A mutual fund “load” is a sales charge or commission (i.e., a fee) paid by the person purchasing the mutual fund. Most or all of that fee is paid to the broker, financial adviser or whoever is encouraging you to buy the mutual fund. Loaded mutual funds come in three types:
- Class “A” mutual funds charge their fee when you buy the mutual fund. If you purchase $1,000 of a Class A mutual fund that charges a 5% load, then you will only end up with $950 of that mutual fund.
- Class “B” mutual funds charge their fee when the fund is sold. Again, if you purchase $1,000 of a Class B mutual fund, and then sell it in 5 years when it has a value of $2,000, and a 5% load is charged, then you will only take home $1,900 of that money.
- Class “C” mutual funds do not charge a front-end fee and may charge a lower back-end fee that disappears after a certain period of time, but they have higher annual expense ratios. Class C mutual funds will cost the most over a long period of time due to their higher expense ratios.
To be clear, all mutual funds charge an annual fee called an expense ratio, so the load is on top of the expense ratio. The expense ratio is charged throughout the year, so there is no trick to avoiding it. There are also 12b-1 fees, which are paid to the company that originally sold the mutual fund and are part of the expense ratio. No-load mutual funds do not charge 12b-1 fees. In addition to no-load mutual funds, there are also “LW” mutual funds, which stands for “load waived”, but they usually charge 12b-1 fees.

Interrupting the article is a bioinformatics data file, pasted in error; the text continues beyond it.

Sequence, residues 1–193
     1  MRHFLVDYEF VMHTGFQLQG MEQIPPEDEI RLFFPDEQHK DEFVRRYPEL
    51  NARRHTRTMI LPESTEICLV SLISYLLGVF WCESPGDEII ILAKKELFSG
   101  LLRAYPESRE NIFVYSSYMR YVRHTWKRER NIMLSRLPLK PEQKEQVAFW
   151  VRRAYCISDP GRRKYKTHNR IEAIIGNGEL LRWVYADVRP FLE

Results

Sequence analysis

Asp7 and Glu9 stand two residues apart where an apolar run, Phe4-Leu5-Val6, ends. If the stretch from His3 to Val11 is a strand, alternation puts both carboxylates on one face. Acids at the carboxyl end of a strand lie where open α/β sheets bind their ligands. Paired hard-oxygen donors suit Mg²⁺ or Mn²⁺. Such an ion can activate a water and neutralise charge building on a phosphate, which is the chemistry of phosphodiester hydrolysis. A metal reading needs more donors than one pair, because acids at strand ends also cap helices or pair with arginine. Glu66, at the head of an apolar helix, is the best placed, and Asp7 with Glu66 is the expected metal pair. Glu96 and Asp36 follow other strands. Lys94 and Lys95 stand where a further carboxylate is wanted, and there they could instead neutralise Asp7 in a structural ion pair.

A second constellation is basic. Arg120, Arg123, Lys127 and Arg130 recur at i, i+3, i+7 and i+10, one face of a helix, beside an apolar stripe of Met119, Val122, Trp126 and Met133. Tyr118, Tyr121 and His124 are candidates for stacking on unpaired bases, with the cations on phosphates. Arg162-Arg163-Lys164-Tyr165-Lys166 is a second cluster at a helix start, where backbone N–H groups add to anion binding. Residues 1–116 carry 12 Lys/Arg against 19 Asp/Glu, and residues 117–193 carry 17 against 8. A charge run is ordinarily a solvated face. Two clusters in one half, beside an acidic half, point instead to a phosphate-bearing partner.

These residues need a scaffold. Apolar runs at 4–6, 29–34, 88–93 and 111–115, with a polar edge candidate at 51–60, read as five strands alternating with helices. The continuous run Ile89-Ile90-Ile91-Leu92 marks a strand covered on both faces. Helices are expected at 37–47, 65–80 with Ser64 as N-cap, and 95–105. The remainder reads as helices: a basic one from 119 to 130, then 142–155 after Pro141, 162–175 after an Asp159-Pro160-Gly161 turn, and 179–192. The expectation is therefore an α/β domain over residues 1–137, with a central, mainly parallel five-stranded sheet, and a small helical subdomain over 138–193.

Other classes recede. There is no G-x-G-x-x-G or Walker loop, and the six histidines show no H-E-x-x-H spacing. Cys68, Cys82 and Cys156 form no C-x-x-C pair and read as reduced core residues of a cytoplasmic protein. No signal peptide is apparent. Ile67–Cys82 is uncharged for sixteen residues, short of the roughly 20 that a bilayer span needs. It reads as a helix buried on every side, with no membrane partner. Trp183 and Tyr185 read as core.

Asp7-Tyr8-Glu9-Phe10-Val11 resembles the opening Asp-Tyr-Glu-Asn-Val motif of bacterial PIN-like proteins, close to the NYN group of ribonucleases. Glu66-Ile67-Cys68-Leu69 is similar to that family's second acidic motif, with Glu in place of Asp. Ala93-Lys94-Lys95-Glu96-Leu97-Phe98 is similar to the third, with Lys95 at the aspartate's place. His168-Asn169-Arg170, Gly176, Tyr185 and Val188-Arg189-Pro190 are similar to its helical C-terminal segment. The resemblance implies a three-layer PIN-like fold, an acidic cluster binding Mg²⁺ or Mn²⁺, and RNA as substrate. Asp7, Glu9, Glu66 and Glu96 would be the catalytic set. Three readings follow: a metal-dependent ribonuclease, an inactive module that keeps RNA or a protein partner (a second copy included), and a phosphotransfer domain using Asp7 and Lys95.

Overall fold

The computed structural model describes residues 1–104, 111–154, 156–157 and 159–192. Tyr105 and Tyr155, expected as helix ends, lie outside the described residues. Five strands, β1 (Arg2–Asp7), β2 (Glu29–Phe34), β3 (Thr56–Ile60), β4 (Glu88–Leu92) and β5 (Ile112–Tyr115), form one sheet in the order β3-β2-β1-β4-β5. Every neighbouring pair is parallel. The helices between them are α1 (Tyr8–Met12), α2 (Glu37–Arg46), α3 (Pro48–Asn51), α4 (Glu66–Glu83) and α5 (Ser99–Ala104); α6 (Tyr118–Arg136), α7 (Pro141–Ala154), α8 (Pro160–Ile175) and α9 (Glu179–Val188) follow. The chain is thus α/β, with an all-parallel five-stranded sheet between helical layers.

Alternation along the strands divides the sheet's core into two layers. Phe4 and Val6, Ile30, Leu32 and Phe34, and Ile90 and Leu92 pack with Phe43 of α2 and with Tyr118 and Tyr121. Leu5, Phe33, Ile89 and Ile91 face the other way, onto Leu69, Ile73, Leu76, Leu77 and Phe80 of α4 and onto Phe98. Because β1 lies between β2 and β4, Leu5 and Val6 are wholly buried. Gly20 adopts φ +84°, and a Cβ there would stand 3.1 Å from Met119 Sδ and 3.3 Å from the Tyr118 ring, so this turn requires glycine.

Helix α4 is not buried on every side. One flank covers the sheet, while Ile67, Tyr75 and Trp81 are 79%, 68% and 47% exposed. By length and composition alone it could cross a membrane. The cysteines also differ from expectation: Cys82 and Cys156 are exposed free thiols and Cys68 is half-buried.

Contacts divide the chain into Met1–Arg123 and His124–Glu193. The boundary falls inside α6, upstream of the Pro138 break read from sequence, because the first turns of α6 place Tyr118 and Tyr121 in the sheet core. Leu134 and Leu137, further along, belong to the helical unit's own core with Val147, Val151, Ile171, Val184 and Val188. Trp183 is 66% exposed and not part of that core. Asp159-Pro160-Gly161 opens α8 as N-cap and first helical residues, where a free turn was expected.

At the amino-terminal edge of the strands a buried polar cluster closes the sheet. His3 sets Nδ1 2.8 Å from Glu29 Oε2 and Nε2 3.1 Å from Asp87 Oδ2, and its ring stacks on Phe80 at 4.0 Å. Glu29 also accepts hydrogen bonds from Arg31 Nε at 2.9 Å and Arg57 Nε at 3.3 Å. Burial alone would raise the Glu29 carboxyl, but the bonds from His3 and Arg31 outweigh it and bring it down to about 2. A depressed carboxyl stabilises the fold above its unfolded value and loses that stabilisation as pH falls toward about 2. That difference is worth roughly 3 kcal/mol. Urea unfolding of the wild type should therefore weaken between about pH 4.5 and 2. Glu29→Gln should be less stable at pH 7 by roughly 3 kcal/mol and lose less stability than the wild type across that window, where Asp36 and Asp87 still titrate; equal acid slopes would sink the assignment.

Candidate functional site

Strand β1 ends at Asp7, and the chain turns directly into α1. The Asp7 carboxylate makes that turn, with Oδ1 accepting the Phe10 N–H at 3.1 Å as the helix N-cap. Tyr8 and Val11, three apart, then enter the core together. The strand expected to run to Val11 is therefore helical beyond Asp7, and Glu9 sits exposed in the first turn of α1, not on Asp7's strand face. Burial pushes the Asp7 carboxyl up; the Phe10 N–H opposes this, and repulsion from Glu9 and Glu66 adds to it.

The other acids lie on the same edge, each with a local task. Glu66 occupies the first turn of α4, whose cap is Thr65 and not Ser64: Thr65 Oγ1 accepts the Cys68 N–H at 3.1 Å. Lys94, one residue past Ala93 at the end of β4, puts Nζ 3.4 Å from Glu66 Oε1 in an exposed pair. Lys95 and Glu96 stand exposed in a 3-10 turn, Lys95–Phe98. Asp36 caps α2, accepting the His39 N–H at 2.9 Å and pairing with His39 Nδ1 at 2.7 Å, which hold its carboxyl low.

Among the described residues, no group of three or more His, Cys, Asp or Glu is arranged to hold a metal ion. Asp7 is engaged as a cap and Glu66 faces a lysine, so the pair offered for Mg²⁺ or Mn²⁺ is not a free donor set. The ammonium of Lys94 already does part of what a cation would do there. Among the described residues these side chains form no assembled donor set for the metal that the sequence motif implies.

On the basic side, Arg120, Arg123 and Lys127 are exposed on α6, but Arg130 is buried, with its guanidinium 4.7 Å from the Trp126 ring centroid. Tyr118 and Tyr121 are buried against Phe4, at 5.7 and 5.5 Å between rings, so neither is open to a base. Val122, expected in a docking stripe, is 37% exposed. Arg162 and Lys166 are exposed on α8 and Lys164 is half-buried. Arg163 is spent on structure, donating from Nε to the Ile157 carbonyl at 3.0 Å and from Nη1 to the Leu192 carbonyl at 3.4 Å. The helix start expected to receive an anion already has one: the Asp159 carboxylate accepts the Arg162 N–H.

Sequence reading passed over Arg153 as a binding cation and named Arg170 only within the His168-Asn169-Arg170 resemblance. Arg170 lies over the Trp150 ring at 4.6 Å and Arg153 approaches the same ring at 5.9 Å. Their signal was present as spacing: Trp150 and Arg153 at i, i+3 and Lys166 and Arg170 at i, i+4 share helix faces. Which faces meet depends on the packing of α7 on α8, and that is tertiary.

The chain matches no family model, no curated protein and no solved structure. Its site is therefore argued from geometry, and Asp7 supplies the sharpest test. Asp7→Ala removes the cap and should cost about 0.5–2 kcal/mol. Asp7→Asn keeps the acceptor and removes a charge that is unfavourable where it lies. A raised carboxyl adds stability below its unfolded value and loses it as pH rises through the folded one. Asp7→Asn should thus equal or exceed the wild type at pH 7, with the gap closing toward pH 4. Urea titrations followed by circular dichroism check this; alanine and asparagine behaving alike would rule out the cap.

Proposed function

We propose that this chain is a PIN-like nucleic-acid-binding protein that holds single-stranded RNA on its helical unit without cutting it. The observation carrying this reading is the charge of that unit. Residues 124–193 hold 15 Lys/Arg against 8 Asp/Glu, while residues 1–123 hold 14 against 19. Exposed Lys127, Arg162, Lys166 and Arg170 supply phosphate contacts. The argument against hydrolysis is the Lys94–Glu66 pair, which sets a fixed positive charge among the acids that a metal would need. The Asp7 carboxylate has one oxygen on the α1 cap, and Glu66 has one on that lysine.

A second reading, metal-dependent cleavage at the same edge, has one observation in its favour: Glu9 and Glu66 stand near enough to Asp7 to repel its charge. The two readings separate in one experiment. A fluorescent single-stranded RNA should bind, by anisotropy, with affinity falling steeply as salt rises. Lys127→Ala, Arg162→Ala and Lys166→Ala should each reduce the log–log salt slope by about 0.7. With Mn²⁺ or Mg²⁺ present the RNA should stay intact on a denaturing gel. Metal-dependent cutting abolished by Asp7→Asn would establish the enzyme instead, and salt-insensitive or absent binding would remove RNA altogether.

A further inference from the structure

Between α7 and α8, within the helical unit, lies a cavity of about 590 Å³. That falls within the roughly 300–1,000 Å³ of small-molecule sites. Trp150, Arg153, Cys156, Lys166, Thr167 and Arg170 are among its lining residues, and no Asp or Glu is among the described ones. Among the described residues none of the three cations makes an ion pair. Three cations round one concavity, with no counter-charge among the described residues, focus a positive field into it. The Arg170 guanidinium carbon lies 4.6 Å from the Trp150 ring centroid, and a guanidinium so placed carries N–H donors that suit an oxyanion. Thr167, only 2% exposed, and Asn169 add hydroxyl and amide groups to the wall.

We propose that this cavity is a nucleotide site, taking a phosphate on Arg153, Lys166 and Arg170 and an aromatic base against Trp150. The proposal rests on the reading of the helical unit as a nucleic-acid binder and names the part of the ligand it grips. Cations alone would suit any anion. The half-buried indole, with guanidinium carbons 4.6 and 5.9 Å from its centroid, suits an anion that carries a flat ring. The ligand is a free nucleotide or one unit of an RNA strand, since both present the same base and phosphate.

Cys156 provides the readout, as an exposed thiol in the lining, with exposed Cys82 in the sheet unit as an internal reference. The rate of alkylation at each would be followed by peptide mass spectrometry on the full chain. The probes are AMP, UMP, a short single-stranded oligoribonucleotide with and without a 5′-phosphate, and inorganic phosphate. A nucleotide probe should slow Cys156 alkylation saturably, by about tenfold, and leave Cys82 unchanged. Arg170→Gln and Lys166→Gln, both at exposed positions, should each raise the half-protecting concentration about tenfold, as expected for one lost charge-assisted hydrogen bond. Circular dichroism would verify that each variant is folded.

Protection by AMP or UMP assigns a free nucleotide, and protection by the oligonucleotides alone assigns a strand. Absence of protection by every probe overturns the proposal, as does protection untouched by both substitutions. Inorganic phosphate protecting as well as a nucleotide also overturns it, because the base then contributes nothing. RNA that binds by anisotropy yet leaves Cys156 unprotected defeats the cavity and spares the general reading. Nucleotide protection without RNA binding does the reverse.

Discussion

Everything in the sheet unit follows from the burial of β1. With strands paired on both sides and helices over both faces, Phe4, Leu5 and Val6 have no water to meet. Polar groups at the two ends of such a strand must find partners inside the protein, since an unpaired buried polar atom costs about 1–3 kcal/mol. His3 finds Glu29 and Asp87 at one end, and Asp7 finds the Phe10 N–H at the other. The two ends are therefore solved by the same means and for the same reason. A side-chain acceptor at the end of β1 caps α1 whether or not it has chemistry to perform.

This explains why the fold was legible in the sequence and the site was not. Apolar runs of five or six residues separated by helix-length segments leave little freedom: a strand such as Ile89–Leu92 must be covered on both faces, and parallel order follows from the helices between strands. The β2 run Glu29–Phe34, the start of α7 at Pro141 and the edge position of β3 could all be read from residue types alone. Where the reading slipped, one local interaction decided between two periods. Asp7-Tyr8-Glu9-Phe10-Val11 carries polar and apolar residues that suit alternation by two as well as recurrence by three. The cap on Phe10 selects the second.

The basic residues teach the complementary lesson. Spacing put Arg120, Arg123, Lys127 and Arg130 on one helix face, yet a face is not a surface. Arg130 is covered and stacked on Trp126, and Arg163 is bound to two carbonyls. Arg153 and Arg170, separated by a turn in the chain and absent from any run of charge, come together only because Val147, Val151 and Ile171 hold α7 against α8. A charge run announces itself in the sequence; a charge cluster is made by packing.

To be blunt, I loathe mutual fund loads and think we should all avoid them. There are passive, no-load mutual funds and exchange traded funds (“ETFs”) that can get you the same overall exposure as the loaded mutual funds, but at a fraction of the costs. The extra costs of a loaded mutual fund will destroy your wealth. Because I’m a nerd, I ran a simple spreadsheet calculation comparing the investment of $10,000 a year for 30 years into SLIAX (State Farm S&P 500 Index), which has a 0.73% expense ratio and a 3% front end load, to an investment of $10,000 a year for 30 years into VFINX (Vanguard S&P 500 Index) which is a no-load mutual fund with a 0.16% expense ratio. Assuming that they have the same 5% rate of return each year, and they should be close because they both track the S&P 500, the no-load mutual fund will be worth $87,000 more at the end of the 10 year period, solely due to fees. Again, on an investment of $300,000 over 30 years, which is very realistic, those extra fees cost $87,000. If you invest $1,000,000 or more in the market over your lifetime in the wrong funds, then your wasted fees will easily reach $100,000 or more.
Investment expenses are one of the greatest impediments to wealth, as every penny you pay in expenses is a penny that you are not keeping. Further, every one of those pennies is a lost opportunity to compound your gains, so the effects of loads and high expense ratios are magnified. Most importantly, in the formula for investment returns–which includes the amount invested, return on investment, inflation and expenses–expenses are the easiest to control. For this reason, I do everything in my power to help my clients avoid mutual fund loads in their 401(k) and other plans, and I never sell one to my clients.